Father’s Day

A friend of mine once told me that no matter what anyone ever tells you, you will never be prepared for how your life will change when you have a child. That observation is so true. I’m not necessarily talking about how it changes decisions on how we spend our time, our money and other aspects of lifestyle. Being a father to children causes a fundamental shift in how we see and relate to the world. We become less dismissive of bad behavior and bad jokes. It changes choices of where we eat, the movies we watch, and the minutia of life that we never thought twice about previously. We begin to think more, and about different things. We become more concerned with issues like education, ongoing wars, and other events in the wider world.

Above all else, becoming a father shifts our focus from being egocentric to relating to the world in terms of how events affect other people, especially our own children. It also compels a sense of urgency to change the world for the better and to build a better future. And it’s a permanent change. The focus, the care and the responsibility doesn’t end when they become independent adults either. If anything, it causes more angst because the day to day contact ends and you always wonder how they are doing. It doesn’t change either when they have their own children. That just means it starts all over again for you with the grandchildren. There’s no denying that being a good father is a burden and a daily challenge, but it is a burden of love that rewards you more than your children.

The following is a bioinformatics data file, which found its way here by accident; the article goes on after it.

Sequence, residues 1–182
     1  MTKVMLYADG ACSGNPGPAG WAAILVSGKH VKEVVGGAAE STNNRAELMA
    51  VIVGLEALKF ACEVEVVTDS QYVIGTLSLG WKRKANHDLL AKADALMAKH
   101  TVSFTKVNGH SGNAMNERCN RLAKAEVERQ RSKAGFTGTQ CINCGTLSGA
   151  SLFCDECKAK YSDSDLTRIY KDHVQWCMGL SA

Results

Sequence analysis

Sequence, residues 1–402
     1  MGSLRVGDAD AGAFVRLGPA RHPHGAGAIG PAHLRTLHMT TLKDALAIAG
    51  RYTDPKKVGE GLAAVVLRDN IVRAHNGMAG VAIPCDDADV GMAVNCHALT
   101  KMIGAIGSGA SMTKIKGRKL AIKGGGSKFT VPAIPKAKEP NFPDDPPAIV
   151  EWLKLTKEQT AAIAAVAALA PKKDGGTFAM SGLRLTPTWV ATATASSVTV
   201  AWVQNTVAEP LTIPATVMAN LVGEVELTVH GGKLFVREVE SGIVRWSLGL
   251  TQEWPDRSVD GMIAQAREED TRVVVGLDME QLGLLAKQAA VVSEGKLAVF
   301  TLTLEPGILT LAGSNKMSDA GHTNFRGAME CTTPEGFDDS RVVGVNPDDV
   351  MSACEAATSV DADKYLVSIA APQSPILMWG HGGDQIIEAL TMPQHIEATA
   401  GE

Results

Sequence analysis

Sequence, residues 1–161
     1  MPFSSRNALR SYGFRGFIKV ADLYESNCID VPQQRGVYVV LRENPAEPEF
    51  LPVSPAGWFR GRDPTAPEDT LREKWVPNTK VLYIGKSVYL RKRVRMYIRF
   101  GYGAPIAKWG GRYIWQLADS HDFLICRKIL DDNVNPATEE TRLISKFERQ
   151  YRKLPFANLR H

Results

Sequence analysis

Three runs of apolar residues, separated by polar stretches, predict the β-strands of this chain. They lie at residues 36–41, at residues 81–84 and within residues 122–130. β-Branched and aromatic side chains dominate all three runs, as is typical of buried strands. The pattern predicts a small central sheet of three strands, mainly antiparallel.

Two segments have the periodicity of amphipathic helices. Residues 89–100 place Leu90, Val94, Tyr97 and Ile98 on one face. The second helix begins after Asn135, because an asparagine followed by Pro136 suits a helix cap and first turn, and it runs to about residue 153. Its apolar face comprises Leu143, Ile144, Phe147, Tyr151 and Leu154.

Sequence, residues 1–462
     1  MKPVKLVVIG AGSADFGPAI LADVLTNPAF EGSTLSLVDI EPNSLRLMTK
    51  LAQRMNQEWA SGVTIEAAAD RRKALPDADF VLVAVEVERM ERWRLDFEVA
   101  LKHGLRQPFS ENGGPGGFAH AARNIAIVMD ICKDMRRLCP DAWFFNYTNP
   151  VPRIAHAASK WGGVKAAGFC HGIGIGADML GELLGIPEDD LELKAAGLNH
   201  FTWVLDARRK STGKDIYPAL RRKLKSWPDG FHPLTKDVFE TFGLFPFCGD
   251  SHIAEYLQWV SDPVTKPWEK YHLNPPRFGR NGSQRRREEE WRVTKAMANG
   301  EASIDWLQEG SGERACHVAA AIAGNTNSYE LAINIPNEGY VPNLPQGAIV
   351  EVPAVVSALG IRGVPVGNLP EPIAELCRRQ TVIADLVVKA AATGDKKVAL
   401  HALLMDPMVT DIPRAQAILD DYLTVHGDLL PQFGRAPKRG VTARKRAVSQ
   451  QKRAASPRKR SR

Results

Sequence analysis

This Father’s Day I am grateful for my children, and also grateful for how fatherhood has made me a better human being. And so, if you are planning on having children think twice because no matter how much you think about it and prepare for it, you have no idea…

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